A team of about 50 experts is carrying out studies in Michoacán to determine whether increased seismic activity could be a precursor to the birth of a new volcano.
There have been more than 2,000 earthquakes with magnitudes between 2.9 and 4.1 in an area northwest of Uruapan, Michoacán, since January 5, according to the National Seismological Service (SSN).
The earthquake swarm, as a sequence of similar magnitude seismic events occurring in a local area in a relatively short period of time is known, could be related to either tectonic or magmatic events, the director of the Institute of Geophysics at the National Autonomous University (UNAM) told the newspaper El Financiero.
A magmatic event, Hugo Delgado explained, occurs when magma – the molten or semi-molten material from which igneous rocks are formed – ascends to the surface of the earth.
Large volumes of magma can potentially break through the surface and form a volcano, as occurred in Michoacán in 1943 with the sudden emergence of the Paricutín Volcano, which eventually rose to a height of more than 300 meters.
However, there is no certainty that that will happen near Uruapan, Delgado said. Even if the earthquake swarm is related to a magmatic event, “we still have to see if there is sufficient magma for it to rise” from beneath the Earth’s surface, he said.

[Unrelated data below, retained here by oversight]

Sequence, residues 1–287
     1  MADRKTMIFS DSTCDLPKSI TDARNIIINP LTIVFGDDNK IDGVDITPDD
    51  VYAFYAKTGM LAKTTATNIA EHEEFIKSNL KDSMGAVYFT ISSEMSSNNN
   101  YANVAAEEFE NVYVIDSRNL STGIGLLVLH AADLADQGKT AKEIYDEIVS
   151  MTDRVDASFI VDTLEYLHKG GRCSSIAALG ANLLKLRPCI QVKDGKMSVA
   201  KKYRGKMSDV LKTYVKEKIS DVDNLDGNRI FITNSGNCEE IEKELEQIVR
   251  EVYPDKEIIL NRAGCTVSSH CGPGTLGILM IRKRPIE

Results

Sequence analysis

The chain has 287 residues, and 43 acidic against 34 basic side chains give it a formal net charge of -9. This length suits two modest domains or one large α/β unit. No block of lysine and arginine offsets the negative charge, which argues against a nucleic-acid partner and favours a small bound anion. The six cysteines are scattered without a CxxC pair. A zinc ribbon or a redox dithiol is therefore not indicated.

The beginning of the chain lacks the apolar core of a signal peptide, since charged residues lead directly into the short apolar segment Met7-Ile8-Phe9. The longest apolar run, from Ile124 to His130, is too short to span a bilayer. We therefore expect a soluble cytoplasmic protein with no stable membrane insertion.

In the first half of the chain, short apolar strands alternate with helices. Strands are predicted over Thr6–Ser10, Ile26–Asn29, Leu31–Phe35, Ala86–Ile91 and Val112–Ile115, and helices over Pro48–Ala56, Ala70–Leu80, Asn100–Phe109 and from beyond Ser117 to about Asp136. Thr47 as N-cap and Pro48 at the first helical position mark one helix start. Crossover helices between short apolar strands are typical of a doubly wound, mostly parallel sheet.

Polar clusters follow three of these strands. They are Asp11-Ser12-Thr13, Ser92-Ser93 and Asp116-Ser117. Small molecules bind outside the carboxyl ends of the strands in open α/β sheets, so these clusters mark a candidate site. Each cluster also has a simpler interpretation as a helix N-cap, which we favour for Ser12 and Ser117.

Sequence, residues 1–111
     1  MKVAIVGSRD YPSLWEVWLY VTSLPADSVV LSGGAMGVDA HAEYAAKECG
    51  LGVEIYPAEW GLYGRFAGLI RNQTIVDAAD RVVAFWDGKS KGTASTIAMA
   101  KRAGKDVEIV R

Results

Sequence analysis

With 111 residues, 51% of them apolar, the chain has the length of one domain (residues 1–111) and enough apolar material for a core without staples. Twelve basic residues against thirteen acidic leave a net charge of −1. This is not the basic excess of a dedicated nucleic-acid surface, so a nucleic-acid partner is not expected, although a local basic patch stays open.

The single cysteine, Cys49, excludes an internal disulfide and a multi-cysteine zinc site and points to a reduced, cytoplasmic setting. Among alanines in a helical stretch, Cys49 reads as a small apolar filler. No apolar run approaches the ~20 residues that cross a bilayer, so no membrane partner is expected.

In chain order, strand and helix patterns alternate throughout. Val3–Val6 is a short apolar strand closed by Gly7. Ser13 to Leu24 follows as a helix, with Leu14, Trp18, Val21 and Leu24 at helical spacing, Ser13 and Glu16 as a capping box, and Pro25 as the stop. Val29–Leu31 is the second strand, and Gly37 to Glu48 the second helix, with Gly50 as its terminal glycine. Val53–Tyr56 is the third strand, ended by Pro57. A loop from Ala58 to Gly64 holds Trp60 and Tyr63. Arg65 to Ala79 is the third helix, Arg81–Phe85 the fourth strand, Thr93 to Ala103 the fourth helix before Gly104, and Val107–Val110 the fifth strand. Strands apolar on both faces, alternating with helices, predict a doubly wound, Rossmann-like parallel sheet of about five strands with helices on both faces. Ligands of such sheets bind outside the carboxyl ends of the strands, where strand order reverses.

The expert also said that while seismic activity that preceded the birth of the Paricutín Volcano was felt by local people, the recent earth tremors were not.
Recent history suggests that the formation of a new volcano is unlikely.
The UNAM volcanologist said that earthquake swarms also occurred in the same area of Michoacán in 1997, 1999 and 2006 but they were related to tectonic rather than magmatic activity.
“While it’s not common, it’s not rare for these kinds of phenomena [earthquake swarms] to occur. The previous events were related to fault lines and fractures in the [earth’s] crust below Michoacán,” Delgado said.
Still, the location of the seismic activity near both the Paricutín and Tancítaro volcanos has attracted the attention of experts from several universities as well as government agencies including the SSN and the National Disaster Prevention Center (Cenapred).
Cenapred said that the experts on site in the area where the seismic activity has occurred have installed seismometers and other measuring equipment, and are analyzing water and gas samples collected there. They are also closely monitoring the surface of the earth for any signs of deformation.
Delgado said that while meteorologists have the capacity to forecast rain, for example, because they can look at cloud formations using both satellites in space and instruments on earth, seismologists and volcanologists cannot accurately predict when or where an earthquake might occur or a volcano may form.
“… unfortunately we can only see [what’s happening beneath the earth’s surface] using equipment at the surface” and not from beneath the crust, he said.
“That’s why follow-up and monitoring near the phenomenon is very important in order to be able to understand, as far as is possible, what is happening. . .”